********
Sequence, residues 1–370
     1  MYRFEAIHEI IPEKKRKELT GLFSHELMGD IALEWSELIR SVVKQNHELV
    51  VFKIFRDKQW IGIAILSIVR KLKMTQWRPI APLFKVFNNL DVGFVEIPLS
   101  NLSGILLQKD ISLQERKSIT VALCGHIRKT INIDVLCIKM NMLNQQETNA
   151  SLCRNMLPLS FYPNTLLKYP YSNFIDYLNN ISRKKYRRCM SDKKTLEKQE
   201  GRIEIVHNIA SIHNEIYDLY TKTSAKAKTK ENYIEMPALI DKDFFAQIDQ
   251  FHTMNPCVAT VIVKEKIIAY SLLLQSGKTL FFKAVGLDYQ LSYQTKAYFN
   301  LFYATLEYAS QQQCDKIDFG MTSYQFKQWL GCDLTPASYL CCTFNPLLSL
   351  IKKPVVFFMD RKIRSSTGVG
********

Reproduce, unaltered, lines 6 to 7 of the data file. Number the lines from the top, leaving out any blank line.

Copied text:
   201  GRIEIVHNIA SIHNEIYDLY TKTSAKAKTK ENYIEMPALI DKDFFAQIDQ
   251  FHTMNPCVAT VIVKEKIIAY SLLLQSGKTL FFKAVGLDYQ LSYQTKAYFN